Awareness is dead. Kaput. Extinct. No longer relevant. Toast. Finished. Let’s not shed a single tear for its passing. For far too long, communicators have touted “raising awareness” as the basic measure of success. The great justifier of our very existence. The holy grail of results. No longer. As you’re finalizing your 2017 communications strategy, make sure awareness isn’t your goal. Replace it with demand.

Raising awareness (or its slightly less vague cousin building awareness) raises little and probably builds even less. Imagine I’m the communications or marketing director at a manufacturing company and the CEO says, “Ward! Get in here! We sold 50 percent less widgets this year. What did you do with your budget?” And I proudly respond, “We used it to raise awareness. We raised a lot of awareness. Isn’t that great?” Rightfully so, he proceeds to throw me out of his office, but not before he adds, “Raised awareness, huh? With the kind of money you spent, try raising the Titanic instead. We could probably sell tickets and generate some revenue around here.” And out I go. Me. You. The whole program.

Here’s what awareness doesn’t do:

  • Promote strategic targeting of key audiences
  • Put the right customers at the center of your strategy
  • Pull customers through the entire buyer’s journey
  • Support and drive business growth

Put demand at the center of your communications strategy

In today’s results-driven business world where competition is fierce and yielding strong profit margins is key, return on investment reigns supreme. Raising awareness is just too amorphous of an objective to justify our reason for being. Of course, the argument has been made that communications objectives and business objectives are not the same thing. That makes about as much sense as arguing against the fact that Chihuahuas and Great Danes are both dogs. Communications and business objectives may not be the same breed, but they are arguably of the same species. The two must be tied extremely tightly together.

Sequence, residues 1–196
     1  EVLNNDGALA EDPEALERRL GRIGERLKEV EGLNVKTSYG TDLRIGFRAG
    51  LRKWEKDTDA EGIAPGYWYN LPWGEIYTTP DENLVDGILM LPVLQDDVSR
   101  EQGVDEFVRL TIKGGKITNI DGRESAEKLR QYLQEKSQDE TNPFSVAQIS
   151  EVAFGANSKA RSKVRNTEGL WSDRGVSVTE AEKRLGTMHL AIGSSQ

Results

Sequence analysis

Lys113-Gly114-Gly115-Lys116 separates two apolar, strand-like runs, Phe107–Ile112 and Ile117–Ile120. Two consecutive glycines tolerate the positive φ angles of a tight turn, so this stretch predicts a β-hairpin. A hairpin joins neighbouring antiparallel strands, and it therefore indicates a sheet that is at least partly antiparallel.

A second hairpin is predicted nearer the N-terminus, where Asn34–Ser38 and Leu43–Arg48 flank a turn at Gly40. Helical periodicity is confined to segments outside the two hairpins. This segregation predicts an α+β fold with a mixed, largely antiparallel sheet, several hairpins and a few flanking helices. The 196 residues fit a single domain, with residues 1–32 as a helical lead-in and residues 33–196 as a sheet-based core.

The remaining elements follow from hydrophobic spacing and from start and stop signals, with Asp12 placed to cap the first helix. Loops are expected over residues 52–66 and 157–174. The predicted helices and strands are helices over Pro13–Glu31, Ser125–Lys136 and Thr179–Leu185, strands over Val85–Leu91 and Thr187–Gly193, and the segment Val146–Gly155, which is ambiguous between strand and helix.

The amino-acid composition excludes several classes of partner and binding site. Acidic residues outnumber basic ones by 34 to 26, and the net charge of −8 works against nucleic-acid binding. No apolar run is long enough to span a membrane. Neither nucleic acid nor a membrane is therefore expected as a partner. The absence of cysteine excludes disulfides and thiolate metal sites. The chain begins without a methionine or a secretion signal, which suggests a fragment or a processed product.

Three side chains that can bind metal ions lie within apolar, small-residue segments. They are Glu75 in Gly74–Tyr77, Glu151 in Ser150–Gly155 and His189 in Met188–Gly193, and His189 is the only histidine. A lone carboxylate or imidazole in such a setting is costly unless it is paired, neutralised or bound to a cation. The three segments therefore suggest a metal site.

Counting reader impressions to prove the value of awareness is a relic of a former communications world. Tangible inquiries, increased website traffic, social media buzz that drives prospective customers to spend are just a few measures of today’s success. Our work must be more strategic, relevant, compelling and action-oriented than ever before to deliver clear value.

Consider the two goals:

1. Our aim is to generate demand for widgets.

vs.

2. Our aim is to raise awareness for widgets.

I don’t know about you, but if I’m the CEO (or the typically more hard metrics-minded CFO … and the one who signs off on many a budget), I’m throwing whoever says #2 out of my office. Which word ties more closely to sales, revenue and profit: “awareness” or “demand”? Take a close look at your 2017 communications strategy and ensure the latter is your number one goal.

For more communications planning insights and tips, read our guide, “How to Create a Communications Plan Your Boss Can’t Refuse.”

With more than a decade at Stern, Ned has had the opportunity to counsel – and learn from – some of the brightest minds in business. A lifelong student, he is always searching for new ways to hone his craft by applying insights and ideas from outside sources. He says inspiration can come from anywhere in the world – from his young children to emerging start-ups to more established brands – which he constantly draws on to infuse creativity into client programming. As vice president, his pragmatic leadership style combines with strategic thinking to effectively connect clients with top-tier media, conferences and industry influencers. If he hadn’t answered the call to become a communications pro, you might have found him as a carpenter crafting wood furnishings and cabinetry.